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Title: Application of fragment-based approaches to the discovery of novel inhibitors against Mycobacterium tuberculosis pantothenate synthetase
Author: Hung, W.
Awarding Body: University of Cambridge
Current Institution: University of Cambridge
Date of Award: 2010
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Abstract:
The thesis is sub-divided into four parts. The first section describes the genesis of a fragment library and the use of different biophysical techniques to identify fragments against M. tuberculosis pantothenate synthetase. Seven fragments were identified and characterized. These fragments (KD = 0.5 mM – 2.0 mM) were found to bind at three distinct sites in pantothenate synthetase, allowing for application of fragment growing and fragment linking. The second part of the thesis describes a fragment growing approach with 5-methoxyindole (KD = 1.1 mM), a fragment which was found to be binding at the active site of pantothenate synthetase. X-ray crystallography and isothermal titration calorimetry were used to guide systematic and iterative chemical elaboration of the fragment. The frequent determinations of structure and ligand efficiencies to inform decision-making during the chemical optimization process have generated a series of potent compounds. The most potent compound has a KD = 1.5 μM against M. tuberculosis pantothenate synthetase. The third part of the thesis involves the application of fragment linking with 5-methoxyindole (KD = 1.1 mM) and benzofuran-2-carboxylic acid (KD = 1.0 mM) fragments. Four different linkers were synthesized and the linked compounds were tested for binding against pantothenate synthetase. The compounds were found to bind with KD ranging 900 nM – 75 μM. X-ray crystallography of the four compounds bound to pantothenate synthetase show physical linkage of the fragments, indicating success in the fragment linking design. A comparison was made between fragment growing and fragment linking. The final part of the thesis involves optimization of the most potent compound derived from fragment growing. This employed the use of the concept of group efficiency and with further chemical modifications yielded sub-micromolar compounds against pantothenate synthetase.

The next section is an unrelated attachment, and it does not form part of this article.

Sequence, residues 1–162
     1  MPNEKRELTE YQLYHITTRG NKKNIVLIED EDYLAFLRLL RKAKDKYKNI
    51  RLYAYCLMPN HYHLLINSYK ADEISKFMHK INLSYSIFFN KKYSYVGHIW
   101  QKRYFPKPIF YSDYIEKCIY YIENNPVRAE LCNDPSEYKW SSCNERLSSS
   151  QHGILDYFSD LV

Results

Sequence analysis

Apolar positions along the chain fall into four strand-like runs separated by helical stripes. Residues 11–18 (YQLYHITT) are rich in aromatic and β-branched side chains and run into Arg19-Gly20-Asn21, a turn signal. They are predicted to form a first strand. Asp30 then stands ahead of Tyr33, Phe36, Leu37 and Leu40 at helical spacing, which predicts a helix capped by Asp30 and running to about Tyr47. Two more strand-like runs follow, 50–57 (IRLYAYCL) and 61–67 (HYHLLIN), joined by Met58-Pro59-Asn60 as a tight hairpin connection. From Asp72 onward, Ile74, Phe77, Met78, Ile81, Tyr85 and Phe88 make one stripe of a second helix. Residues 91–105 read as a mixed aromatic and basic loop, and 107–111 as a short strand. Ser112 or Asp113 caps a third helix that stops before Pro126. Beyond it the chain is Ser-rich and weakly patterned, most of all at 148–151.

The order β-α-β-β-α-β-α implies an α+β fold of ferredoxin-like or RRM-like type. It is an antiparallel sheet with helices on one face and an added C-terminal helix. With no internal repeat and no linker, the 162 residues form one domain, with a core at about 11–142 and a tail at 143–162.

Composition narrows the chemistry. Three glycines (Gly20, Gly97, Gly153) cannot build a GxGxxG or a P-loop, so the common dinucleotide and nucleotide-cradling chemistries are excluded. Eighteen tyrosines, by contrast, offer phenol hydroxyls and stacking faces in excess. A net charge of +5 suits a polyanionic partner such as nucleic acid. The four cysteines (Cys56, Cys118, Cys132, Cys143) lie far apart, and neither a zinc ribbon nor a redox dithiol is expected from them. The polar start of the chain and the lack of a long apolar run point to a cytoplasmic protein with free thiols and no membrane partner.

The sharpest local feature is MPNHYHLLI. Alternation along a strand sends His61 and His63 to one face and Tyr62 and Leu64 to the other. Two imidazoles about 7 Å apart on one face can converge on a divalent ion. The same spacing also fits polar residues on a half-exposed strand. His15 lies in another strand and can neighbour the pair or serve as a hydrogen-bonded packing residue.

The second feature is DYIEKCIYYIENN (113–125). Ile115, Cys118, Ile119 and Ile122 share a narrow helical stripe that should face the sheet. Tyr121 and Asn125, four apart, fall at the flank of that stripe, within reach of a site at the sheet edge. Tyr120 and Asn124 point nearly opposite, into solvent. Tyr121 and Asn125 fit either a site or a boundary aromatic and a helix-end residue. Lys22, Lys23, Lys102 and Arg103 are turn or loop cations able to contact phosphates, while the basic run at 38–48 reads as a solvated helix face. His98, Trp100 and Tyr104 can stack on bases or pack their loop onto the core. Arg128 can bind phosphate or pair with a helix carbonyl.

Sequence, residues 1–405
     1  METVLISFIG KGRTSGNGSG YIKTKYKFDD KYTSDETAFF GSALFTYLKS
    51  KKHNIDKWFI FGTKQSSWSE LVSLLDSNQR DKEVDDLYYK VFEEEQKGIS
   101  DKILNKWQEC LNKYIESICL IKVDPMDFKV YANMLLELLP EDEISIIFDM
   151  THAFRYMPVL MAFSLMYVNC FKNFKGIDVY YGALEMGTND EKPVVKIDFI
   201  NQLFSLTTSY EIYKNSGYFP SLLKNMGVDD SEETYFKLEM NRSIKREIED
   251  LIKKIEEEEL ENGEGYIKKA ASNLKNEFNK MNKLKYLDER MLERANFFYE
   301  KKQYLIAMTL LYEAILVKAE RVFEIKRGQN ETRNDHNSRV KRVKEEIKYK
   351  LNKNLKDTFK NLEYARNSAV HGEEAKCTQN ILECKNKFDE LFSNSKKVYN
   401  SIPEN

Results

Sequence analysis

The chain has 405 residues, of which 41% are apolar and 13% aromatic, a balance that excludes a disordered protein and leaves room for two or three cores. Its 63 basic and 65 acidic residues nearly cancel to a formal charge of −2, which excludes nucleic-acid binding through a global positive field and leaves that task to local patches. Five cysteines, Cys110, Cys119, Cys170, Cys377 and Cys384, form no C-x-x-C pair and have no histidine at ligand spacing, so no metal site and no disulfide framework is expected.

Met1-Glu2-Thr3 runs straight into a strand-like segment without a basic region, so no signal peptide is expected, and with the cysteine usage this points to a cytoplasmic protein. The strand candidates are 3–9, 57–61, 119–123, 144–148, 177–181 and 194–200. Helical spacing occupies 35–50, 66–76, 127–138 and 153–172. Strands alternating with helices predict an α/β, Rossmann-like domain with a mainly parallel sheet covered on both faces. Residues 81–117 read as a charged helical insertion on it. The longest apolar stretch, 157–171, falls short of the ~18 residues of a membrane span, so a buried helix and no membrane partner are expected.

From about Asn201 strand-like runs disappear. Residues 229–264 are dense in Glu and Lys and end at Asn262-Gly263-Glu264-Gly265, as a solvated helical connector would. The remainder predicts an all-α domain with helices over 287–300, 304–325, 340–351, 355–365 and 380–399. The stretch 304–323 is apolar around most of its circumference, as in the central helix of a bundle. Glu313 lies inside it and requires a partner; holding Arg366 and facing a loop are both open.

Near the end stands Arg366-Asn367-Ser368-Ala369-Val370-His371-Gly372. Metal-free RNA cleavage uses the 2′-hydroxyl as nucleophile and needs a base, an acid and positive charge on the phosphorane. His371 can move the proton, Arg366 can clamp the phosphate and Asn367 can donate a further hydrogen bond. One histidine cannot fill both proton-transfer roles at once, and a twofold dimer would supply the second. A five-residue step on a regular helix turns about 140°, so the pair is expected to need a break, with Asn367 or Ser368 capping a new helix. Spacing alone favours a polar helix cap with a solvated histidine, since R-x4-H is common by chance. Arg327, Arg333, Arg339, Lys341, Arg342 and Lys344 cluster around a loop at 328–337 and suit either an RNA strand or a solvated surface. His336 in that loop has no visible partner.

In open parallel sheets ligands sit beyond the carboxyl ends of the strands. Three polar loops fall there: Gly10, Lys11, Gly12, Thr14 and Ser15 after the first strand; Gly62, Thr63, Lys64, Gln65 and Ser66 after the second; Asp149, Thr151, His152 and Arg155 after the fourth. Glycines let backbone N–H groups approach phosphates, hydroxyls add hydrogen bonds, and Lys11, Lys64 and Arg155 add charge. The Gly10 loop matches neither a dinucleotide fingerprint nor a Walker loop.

Supervisor: Not available Sponsor: Not available
Qualification Name: Thesis (Ph.D.) Qualification Level: Doctoral
EThOS ID: uk.bl.ethos.604786  DOI: Not available
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